I haven’t posted a teaser in awhile, so I’ve decided to post one. It’s completely unedited, so brace yourselves:

When I reached the library later that afternoon, he was already there. I found him in the history section, staring at the shelves of books that lined the back wall. His hands were locked behind his erect back, and he didn’t move at my approach; and yet, as soon as I drew closer he said, “How much do you know about our country’s history?”

“It depends on what part of our country’s history we’re talking about,” I replied. “Some of it interests me more than others.”

“How much of our early history do you know? Specifically, the part surrounding the fate of our country’s last Queen?”

“Queen Freya? I just finished reading her journal. It sort of just…ends. She disappeared, didn’t she?”

“Yes. Paving the way for the Calypsones to take the throne, almost four hundred years ago. And ever since, the throne has passed from father to son, or brother to brother, in an unbroken line. Until now, I suppose.”

“Why is there so much of an issue with Ethan inheriting?” I asked. “He’s the King’s brother’s son, right? According to the order of succession, that’s how it should go.”

“Because the supporters of Sir Edgar – my uncle chief among them – have reason to believe that Francis Calypsone – the Count’s father – wasn’t actually the son of Henry Calypsone – which means that Francis had no place in the succession, and therefore Ethan Calypsone doesn’t, either.”

My mouth literally opened and then shut again with no sound coming out.

“I haven’t heard that at all!” I said.

“Well, of course you wouldn’t,” Mr. Orion said. “Just look at who you’ve been surrounded by your whole life – everyone has an agenda, Milady, your father especially.”

“Don’t call me that,” I snapped.

“Don’t call you what?” Mr. Orion asked.

“Milady,” I replied. “My name is Calanthe.”

Mr. Orion shrugged. “Well fine, then, Calanthe. Don’t you think any of the rumors would’ve been shielded from your precious, virgin ears?”

I glared at him. I didn’t want to believe him – it seemed too ludicrous to be true – but he’d been honest with me so far – at least to my knowledge.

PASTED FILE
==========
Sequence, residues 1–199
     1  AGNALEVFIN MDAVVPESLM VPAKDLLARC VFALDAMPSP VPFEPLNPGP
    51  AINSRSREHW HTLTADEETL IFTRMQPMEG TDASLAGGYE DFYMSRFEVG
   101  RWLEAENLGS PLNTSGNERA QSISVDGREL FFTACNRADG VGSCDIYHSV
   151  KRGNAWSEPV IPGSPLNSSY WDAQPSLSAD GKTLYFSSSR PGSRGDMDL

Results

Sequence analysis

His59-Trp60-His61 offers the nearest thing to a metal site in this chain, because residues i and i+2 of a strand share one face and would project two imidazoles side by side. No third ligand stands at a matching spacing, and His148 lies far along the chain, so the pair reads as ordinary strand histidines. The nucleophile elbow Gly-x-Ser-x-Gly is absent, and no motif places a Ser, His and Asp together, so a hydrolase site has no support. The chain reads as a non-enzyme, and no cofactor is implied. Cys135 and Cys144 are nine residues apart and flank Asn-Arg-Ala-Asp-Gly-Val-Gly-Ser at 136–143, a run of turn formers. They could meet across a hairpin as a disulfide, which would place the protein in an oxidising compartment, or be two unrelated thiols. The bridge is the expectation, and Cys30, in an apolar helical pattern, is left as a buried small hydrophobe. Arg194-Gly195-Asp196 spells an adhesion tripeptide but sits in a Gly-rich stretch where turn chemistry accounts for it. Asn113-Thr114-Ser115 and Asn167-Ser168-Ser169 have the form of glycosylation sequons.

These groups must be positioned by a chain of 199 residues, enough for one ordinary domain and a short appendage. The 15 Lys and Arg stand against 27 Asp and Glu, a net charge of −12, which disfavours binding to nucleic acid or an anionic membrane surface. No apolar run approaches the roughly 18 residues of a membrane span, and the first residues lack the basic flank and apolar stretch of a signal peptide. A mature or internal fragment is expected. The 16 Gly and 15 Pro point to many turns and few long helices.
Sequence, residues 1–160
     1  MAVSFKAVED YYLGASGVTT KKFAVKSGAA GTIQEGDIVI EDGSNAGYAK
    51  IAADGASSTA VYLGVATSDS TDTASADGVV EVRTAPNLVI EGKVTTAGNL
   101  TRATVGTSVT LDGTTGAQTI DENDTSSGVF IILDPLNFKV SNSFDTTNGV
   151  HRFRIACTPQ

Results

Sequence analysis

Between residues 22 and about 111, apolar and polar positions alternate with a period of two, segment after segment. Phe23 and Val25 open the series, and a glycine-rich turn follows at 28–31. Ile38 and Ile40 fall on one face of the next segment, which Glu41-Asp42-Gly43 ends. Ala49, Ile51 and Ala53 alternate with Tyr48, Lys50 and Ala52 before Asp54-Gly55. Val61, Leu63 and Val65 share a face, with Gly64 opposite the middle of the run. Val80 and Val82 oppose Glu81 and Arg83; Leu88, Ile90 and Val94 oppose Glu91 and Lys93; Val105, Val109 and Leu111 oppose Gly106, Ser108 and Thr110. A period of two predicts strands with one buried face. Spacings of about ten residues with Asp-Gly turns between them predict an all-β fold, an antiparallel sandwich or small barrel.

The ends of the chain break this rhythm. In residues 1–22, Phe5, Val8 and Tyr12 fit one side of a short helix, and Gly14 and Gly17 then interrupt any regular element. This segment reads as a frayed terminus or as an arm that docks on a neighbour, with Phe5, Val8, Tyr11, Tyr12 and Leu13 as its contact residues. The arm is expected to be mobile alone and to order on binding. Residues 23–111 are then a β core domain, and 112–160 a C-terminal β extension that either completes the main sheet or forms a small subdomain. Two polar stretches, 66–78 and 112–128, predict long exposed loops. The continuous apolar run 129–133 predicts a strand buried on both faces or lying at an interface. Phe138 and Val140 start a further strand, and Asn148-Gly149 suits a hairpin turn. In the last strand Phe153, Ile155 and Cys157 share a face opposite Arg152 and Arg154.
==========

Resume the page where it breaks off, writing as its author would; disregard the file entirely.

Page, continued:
“What, exactly, do the rumors say?” I asked.

“His Majesty’s mother, Queen Isabella, took a lover sometime after he was born,” Mr. Orion said. “King Henry recognized the second son as his own, but there were whispers that he was actually a bastard child.”

I’d heard about Queen Isabella in finishing school, mostly as an example of how not to behave. But I’d never heard the rumors that Ethan’s father wasn’t actually King Henry’s son.

“But King Henry recognized him,” I protested. “Why would he recognize a child who wasn’t his?”

“Who knows?” Mr. Orion replied. “But Queen Isabella was also a mage, and would have been fully capable of casting spells on her husband. What if he didn’t recognize the boy of his own free will?”

“But – it’s against the law to use magic to influence someone’s will, especially in affairs of international significance,” I hissed.

Mr. Orion chuckled. “You’re not really that naïve, are you, Calanthe?”

He was right. Just because things were illegal didn’t mean people didn’t still do them.

“Why does Freya’s disappearance interest you?” I asked.

Mr. Orion – or Vantandal, I supposed, since we were on first name terms now – took a book from the shelf and took a seat on the floor. I stared down at him and he raised his eyebrows, as though waiting for me to join him. With a sigh, I plopped down on the ground.